Anti-Domestic Energy Policies Would Harm U.S.
Posted September 25, 2015
The Washington Post reports that a coalition of environmental activists wants the Obama administration to stop new federal leasing for oil and natural gas development. Notwithstanding the broad energy, economic and security benefits produced by America’s energy revolution, the opportunity to secure America’s future and significant air quality progress, their position is simple: Keep it in the ground.
The position also is extreme, anti-progress and anti-modern – though hardly surprising. There’s a small but loud element that has little interest in safe and responsible energy development or in constant improvement of operational and environmental safety. Rather, it opposes development altogether. Their recent push is the latest sign of an agenda that would put America in retreat economically and in the world.
What’s surprising is that these activists actually concede that Americans want oil and natural gas. They acknowledge consumer demand for oil and gas – affordable, reliable and portable fuels that make life less harsh, healthier and more prosperous – but they want government to choke off that demand by cutting supply. Michael Brune of the Sierra Club, part of the coalition:
“I think that this is the next frontier of climate advocacy. … Whether it’s with Keystone XL, or an expansion of drilling in the Arctic, or leasing on public lands, we need to see some examples of the fact that the president understands that energy supply and demand are linked, and we have to start to develop a supply side strategy to address climate change.”
This “supply side strategy” takes direct aim at every American. As the U.S. Energy Information Administration (EIA) estimates in its 2015 Annual Energy Outlook, oil and natural gas – which supply about 63 percent of the energy we use today – will supply about 62 percent of the energy we use in 2040:
No wonder, then, that Americans overwhelmingly support safe and responsible domestic oil and natural gas development. Not by a little, by a lot – in the 80s and 90s in this survey.
As for the folks that want the U.S. to commit the unforced error of unilaterally curbing development of its own energy reserves, here’s what they’re implicitly for:
- More imports of oil and greater dependence. As EIA projects, the United States will continue to use oil well into the future, and more imports would increase U.S. dependency on others for its energy needs.
- Diminished U.S. security. At home and abroad, less domestic energy production and increased dependency would make the U.S. less secure in the world, more vulnerable to global energy pressures. Our allies would be less secure, too.
- Less economic growth. Oil and natural gas are the engines of our economy, and cutting domestic development will mean job losses, lower GDP, less revenue for government and higher household costs, according to a study by Wood Mackenzie.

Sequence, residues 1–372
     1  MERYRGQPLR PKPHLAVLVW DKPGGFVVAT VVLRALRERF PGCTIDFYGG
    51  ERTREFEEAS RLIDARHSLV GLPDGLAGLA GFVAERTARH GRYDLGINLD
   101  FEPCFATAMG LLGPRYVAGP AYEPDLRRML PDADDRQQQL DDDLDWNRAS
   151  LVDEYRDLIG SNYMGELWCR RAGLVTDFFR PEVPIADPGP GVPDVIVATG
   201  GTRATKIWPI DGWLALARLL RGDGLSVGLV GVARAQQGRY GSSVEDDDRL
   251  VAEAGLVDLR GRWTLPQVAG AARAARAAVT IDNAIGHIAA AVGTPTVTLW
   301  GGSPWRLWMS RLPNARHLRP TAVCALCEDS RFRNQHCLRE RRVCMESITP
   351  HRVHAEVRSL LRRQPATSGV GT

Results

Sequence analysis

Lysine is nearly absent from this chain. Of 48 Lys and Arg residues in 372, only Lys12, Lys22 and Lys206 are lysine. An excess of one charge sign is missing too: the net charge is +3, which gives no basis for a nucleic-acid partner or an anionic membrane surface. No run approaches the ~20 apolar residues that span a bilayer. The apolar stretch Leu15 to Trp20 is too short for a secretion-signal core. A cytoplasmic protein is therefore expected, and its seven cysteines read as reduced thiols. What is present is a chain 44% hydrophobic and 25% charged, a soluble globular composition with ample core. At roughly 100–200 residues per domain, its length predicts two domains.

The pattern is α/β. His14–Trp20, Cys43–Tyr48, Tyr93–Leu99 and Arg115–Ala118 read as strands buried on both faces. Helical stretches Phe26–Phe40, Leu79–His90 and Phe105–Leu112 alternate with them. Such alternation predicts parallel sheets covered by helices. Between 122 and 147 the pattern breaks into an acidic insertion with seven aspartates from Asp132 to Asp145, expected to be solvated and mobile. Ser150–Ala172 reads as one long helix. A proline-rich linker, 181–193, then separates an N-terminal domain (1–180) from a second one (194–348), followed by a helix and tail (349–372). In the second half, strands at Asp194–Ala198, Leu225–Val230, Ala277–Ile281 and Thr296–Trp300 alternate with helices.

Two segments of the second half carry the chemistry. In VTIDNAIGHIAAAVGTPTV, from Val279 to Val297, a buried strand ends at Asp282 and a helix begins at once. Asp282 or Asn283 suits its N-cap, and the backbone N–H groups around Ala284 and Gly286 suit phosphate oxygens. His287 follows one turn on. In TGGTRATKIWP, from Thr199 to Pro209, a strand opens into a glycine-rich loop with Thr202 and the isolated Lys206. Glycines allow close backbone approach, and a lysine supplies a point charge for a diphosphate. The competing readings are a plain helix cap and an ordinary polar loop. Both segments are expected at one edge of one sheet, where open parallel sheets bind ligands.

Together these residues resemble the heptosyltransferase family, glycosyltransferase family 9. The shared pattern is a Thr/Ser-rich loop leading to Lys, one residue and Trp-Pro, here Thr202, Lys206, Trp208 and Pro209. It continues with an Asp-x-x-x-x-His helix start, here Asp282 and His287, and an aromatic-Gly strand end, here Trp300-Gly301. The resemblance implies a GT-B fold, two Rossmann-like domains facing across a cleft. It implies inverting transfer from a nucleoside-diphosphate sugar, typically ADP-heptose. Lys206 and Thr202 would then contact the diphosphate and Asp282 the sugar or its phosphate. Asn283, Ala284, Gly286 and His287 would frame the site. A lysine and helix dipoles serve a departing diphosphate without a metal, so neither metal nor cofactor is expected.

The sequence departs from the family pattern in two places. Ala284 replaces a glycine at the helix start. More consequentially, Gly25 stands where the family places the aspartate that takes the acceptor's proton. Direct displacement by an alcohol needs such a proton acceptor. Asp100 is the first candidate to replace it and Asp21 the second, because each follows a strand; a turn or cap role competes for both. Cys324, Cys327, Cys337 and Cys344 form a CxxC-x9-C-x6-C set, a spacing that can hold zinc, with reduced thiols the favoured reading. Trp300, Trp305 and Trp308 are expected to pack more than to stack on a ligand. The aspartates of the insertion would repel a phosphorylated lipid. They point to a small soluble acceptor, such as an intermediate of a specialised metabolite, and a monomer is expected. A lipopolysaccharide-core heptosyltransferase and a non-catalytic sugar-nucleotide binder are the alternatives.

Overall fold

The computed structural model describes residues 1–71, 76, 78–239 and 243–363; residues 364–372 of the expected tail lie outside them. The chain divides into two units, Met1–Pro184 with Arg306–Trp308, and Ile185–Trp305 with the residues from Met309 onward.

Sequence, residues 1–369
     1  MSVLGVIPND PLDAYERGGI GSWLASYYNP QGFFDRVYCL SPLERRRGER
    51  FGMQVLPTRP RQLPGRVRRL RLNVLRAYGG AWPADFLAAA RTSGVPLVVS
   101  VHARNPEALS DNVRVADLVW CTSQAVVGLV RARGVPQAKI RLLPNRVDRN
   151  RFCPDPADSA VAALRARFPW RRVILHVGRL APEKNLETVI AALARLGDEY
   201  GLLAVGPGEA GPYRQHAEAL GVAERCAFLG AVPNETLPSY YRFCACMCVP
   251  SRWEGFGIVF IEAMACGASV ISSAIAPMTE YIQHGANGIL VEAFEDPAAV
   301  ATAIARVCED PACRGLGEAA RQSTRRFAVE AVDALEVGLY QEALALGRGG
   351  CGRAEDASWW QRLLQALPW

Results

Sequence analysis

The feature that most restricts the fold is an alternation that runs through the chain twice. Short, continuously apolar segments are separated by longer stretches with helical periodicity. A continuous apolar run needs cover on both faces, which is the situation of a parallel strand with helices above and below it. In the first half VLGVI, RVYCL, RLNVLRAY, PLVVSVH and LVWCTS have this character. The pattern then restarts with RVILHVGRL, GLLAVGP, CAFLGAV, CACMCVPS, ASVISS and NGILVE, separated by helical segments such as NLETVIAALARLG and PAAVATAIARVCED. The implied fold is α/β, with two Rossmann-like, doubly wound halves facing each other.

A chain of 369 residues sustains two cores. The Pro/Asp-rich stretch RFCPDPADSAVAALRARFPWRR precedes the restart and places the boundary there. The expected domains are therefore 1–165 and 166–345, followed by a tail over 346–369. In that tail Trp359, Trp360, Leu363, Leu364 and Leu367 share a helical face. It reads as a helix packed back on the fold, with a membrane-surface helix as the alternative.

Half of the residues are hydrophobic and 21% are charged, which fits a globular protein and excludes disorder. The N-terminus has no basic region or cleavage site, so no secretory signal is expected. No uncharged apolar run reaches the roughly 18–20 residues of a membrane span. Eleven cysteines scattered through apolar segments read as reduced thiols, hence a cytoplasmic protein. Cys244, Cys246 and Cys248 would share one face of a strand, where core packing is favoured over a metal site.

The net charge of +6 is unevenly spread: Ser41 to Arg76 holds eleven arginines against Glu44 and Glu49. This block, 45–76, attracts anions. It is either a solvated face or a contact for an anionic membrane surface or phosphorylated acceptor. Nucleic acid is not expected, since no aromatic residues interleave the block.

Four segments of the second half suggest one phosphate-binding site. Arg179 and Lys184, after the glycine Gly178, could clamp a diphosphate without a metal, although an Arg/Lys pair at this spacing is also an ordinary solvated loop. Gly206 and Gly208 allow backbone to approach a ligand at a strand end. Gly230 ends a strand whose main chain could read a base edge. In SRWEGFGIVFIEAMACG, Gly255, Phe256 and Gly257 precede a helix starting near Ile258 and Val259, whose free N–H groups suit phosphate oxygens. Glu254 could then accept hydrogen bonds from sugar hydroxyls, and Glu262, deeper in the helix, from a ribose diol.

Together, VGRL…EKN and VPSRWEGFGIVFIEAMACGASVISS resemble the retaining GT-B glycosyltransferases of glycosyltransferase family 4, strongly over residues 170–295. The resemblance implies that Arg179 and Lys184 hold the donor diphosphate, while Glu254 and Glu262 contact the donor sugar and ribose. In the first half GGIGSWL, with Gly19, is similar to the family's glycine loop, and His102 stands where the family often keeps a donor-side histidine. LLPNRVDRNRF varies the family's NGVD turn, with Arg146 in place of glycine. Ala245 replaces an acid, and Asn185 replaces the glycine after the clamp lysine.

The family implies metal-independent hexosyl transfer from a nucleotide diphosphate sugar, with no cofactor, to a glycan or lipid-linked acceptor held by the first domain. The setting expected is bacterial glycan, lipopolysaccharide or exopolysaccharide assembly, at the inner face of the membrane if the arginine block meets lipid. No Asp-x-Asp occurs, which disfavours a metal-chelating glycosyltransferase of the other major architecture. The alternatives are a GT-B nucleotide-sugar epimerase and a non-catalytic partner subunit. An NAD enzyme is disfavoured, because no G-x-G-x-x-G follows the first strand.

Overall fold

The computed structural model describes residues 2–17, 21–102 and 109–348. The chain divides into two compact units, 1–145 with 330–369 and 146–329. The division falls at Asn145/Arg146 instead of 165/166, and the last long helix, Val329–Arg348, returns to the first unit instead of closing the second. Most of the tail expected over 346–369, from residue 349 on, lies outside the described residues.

These are the stakes. Some advocate policies that would hamstring U.S. economic growth and energy security. They would squander the opportunity that’s being provided by America’s energy revolution for a future that’s less secure, less prosperous. They would risk increased U.S. dependency in a world that tends to punish those who come begging, hat in hand.
The alternative is access to U.S. reserves for safe and responsible development – and the economic growth and security that comes with it. API President and CEO Jack Gerard:
“We will decide if America continues its march toward global energy leadership -- a once in a generation choice -- or remains content to play a supporting role in the global energy market. We can erase what for decades has been America’s greatest economic vulnerability -- our dependence on energy sources from other continents, particularly from less stable and friendly nations -- and fundamentally alter the geopolitical landscape for decades to come, all while providing a much needed boost to our economy. But only if we get our energy policy right.”
About The Author
Mark Green joined API after a career in newspaper journalism, including 16 years as national editorial writer for The Oklahoman in the paper’s Washington bureau. Mark also was a reporter, copy editor and sports editor. He earned his journalism degree from the University of Oklahoma and master’s in journalism and public affairs from American University. He and his wife Pamela live in Occoquan, Va., where they enjoy their four grandchildren.
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